Seats are already at a premium on the subway during rush hours. But on one car, they're basically no longer an option. NY1 Transit Reporter Jose Martinez filed the following report.

It's often standing-room only on the 42nd Street shuttle.

But now, that's pretty much the only option on the middle car of a three-car train that runs between the city's two busiest subway stations.

"Looks like a cattle car," one commuter assessed of the seat-less car.

On Wednesday, the seat-less shuttle made its weekday debut. Part of the MTA's strategy of testing ways to ease overcrowding and delays by increasing the capacity of trains.

In choosing the 42nd Street Shuttle, the MTA went right to the belly of the beast; the cars are packed during typical rush hours.

"Very hard to get a seat, lot of pushing and shoving. Actually adds a lot of stress to the day," a commuter said in the seat-less car. "For one stop, you almost just want to walk."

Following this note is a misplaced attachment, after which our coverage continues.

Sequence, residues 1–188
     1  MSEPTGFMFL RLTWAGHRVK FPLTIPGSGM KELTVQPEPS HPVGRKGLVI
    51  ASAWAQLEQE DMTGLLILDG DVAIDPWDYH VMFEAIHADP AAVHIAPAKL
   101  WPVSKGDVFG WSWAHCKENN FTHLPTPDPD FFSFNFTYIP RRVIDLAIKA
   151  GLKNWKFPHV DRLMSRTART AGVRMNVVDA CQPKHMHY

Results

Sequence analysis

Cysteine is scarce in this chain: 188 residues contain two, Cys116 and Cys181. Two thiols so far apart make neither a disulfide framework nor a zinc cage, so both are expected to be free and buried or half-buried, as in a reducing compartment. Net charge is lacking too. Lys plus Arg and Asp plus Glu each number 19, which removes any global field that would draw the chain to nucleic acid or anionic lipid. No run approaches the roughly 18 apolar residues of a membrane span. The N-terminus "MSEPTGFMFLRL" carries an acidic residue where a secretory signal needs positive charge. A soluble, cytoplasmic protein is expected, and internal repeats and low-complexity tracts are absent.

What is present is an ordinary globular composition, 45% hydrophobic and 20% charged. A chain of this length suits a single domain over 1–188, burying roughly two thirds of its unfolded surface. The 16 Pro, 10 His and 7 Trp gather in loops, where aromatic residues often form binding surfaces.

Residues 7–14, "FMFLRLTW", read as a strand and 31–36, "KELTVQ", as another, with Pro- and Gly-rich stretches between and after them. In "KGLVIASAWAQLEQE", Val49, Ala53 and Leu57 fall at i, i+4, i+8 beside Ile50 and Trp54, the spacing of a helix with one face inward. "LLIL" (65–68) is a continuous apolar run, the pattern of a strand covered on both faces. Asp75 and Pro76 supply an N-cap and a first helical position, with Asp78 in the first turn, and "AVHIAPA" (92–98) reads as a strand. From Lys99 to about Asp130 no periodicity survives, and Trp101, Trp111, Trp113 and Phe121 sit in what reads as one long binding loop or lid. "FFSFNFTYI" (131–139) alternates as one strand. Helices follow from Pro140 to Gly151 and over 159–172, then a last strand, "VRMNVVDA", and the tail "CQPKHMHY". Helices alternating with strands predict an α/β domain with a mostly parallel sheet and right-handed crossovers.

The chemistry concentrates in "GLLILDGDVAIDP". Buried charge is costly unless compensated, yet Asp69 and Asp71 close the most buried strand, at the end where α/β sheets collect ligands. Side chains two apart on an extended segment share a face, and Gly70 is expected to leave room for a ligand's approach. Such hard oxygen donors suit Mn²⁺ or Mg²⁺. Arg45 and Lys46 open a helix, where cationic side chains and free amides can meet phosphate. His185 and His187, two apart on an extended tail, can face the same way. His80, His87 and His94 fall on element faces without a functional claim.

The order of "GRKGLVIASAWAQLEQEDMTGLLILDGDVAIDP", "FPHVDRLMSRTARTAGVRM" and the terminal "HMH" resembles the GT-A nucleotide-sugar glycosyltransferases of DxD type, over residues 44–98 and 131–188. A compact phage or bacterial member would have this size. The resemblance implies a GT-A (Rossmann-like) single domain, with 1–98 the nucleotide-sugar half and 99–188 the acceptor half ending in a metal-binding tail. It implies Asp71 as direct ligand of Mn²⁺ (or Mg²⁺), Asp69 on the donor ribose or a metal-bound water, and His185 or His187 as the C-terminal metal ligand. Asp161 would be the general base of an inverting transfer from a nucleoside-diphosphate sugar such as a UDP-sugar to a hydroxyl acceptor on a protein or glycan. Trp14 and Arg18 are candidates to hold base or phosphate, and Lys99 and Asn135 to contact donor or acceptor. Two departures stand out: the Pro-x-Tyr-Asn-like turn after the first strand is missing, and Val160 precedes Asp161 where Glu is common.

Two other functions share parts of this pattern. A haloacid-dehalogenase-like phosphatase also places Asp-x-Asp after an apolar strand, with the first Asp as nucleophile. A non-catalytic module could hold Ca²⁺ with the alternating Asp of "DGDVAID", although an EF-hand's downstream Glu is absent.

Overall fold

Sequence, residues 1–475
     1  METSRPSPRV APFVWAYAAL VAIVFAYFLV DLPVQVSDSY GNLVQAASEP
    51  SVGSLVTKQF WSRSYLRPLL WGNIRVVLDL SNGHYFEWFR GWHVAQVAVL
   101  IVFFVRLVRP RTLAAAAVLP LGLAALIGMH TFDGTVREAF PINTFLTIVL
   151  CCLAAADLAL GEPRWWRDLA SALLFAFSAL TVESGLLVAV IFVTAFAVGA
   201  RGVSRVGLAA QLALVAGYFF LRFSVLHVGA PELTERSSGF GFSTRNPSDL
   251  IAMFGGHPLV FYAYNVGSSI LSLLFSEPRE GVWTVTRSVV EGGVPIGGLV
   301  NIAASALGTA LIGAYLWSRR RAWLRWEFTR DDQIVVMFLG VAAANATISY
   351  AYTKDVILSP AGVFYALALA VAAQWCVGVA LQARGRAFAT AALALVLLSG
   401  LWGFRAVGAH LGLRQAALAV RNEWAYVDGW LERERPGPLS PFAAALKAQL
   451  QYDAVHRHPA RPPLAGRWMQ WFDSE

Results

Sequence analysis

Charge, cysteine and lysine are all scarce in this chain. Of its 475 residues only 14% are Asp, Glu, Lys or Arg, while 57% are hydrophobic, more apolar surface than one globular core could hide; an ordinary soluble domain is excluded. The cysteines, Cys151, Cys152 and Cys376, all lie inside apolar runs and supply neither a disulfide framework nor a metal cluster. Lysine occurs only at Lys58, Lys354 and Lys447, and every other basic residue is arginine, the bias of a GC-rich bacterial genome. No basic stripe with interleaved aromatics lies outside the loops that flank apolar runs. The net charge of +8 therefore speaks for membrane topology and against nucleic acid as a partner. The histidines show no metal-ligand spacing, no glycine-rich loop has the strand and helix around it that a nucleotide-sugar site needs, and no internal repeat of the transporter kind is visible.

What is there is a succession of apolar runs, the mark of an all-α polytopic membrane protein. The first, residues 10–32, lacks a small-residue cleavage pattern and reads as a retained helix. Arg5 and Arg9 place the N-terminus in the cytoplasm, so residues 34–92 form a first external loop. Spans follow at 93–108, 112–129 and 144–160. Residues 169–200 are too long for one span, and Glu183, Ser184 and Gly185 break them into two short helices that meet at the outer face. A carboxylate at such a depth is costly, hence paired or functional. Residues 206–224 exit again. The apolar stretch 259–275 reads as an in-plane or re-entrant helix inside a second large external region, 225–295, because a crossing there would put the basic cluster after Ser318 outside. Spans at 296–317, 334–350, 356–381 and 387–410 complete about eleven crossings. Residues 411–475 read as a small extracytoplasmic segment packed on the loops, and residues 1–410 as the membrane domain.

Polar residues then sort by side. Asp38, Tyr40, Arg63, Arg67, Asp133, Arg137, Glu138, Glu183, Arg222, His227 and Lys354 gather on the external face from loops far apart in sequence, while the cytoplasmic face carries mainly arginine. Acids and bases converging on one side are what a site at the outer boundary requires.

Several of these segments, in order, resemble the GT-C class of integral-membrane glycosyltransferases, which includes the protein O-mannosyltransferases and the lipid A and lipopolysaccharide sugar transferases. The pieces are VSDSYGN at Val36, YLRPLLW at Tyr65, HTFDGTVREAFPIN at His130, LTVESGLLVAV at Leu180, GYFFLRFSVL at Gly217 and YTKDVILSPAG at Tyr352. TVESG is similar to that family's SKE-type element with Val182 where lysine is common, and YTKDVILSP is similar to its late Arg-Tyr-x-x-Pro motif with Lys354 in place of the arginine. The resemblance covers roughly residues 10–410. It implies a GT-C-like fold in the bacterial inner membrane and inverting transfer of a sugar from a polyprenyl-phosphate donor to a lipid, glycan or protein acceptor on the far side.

For this latest test, the MTA yanked out all seating except for the stubby benches at both ends of the car.

Many riders NY1 spoke to said removing seating makes sense on such a short line.

"It gives us more room, as you can see," one woman said aboard the seat-less car.

"It's a one-minute ride," one man said. "If it was the 1 train, you would have issues."

The MTA began tinkering with seating arrangements on some of its trains last month, first by taking out the small benches at the end of ten trains on the E line, then by installing seats that flip-up during the morning and evening rush on a single L train.

But the shuttle is the first train to have a car with most of its seating removed, creating space for about 30 more riders.

"I think it's actually genius. You make more room on the car," one commuter said. "But this morning, I was just lazy, so I got a seat."

"I think people who have some kind of disability might have a problem with it," another commuter said.

The MTA said it's evaluating rider response to the new seating arrangements, and whether they'll be expanded to other lines.

And if you want to guarantee yourself at least a shot at a seat on a train running between Grand Central and Times Square, well, there's always the Number 7.